Rae Lasko will be a senior at Carnegie Mellon in the Fall of 2018 and is excited to be a member of the inaugural softball team for the Tartans. A cognitive science major from Diamond Bar, California, Lasko answers a few questions about student life at Carnegie Mellon, how she decided on her major, what classes she's enjoyed, and what she's learned about CMU that she'd pass on to new students.
1. What do you enjoy about campus life?
At Carnegie Mellon, campus life is pretty much whatever you want to make of it. During my 3 years here, I've had the opportunity to make friends with students from a variety of fields of study who each have a unique take on life.
2. What activities have you participated in?
I've participated in a wide variety of research, projects, and clubs at CMU. During my first 2.5 years, I was heavily involved in research.
During my freshman year, I was on the board of Project Rwanda. Project Rwanda is a joint effort between Carnegie Mellon Pittsburgh and Carnegie Mellon Rwanda (a satellite campus) to promote cross-cultural exchange between the campuses and run a local service project teaching technology and arts. I joined the team as the only freshman and co-led the development of the technical portion of our curriculum.
Oh and Pittsburgh Connections is really cool. CMU subsidizes off-campus outdoors adventures every weekend. I've been whitewater rafting, kayaking, horseback riding, and rock climbing.
3. Tell us about your internship experience.
I'm currently at my third internship at Apple in Cupertino, California. After my freshman year, I interned as a software engineering intern on the Notes App team where I worked with a team of engineers to design and implement a feature.
After my sophomore year, I worked as a Product Design Engineer on the Siri Home Automation team where I redesigned the end-to-end user experience of a particular home automation device and then implemented it. This included deciding what types of user inputs would trigger the behavior, determining the user's intended behavior, and then finally Siri's response to the user.
This summer, I'm working on the Siri Advanced Development User Experience team. We generally work on prototyping tools and user experiences for Siri that are a number of years out, and often work with other teams within Apple. My role this summer has been to apply cognitive science and behavioral approaches to design more streamlined user experiences for several different projects. I'm also designing and prototyping some exciting future Siri experiences.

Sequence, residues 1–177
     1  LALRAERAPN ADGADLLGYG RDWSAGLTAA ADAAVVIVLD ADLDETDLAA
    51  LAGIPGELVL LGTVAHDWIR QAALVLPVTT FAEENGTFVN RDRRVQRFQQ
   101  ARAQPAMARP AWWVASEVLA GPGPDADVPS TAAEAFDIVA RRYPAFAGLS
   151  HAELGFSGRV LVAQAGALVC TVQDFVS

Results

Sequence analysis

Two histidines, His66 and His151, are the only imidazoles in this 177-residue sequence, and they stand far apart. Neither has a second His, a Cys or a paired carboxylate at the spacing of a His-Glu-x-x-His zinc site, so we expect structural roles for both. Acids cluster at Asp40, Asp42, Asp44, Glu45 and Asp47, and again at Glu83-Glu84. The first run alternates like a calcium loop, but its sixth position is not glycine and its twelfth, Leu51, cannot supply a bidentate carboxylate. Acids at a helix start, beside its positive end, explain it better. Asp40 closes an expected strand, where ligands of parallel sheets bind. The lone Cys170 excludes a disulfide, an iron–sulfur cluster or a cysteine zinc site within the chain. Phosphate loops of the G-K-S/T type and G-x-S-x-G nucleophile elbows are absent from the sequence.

I can't say much about the day-to-day life besides that I generally spend my days researching, designing, or prototyping. I also spend a lot of time working with engineers, designers, and project managers to scope projects and end experiences.
4. What are your summer plans?
Outside of my internship, I took a week off to visit Taiwan with my family.
5. What are you excited about next semester?
I'm so excited for the upcoming semester that I don't even really know what I'm doing yet because I can't decide what I'm most excited about! I'm going to be doing some combination of the following: 5 classes, neuroscience research in learning and development, HCI research in software environments that make environments, CMU CS Academy, organizing the Cognitive Science class I helped design, running/co-running the advisory boards, and curriculum/student engagement work for 15-110.
And softball, definitely softball! Especially my future teammates :)
6. Why did you select your course of study – what class have you enjoyed the most?
I really love thinking about how people think, how they interact with their environment, and how they communicate. So Cognitive Science with a minor in Neural Computation it was! But I didn't just want to think about these things, I wanted to do something, and make something that could improve people's lives, so I added a double major in Human-Computer Interaction and a minor in Design. I actually may or may not finish either of my minors, but I really love the classes. I'm not sure I can pick a favorite, though Applications of Cognitive Science with Professor Roberta Klatzky, and Document Design with Professor Karen Bernsten come to mind. Although I really also enjoyed Neural Correlates of Learning and Memory, and 15-110 (Principles of Computing) changed the course of my life.
7. What have you enjoyed about living in Pittsburgh?
The bus system makes it really easy to get around.
8. What have you learned about Carnegie Mellon that you would pass on to your new teammates?
Leap! Just do it! Whatever it is that you love. At Carnegie Mellon, faculty and classmates are more than ready to support you as long as you're willing to take a chance and work hard. Send cold emails to professors you look up to for a quick office chat and upperclassmen you aspire to be like. They'll be happy to help more often than you expect and it's a great way to develop long term relationships. People will trust you if you trust yourself.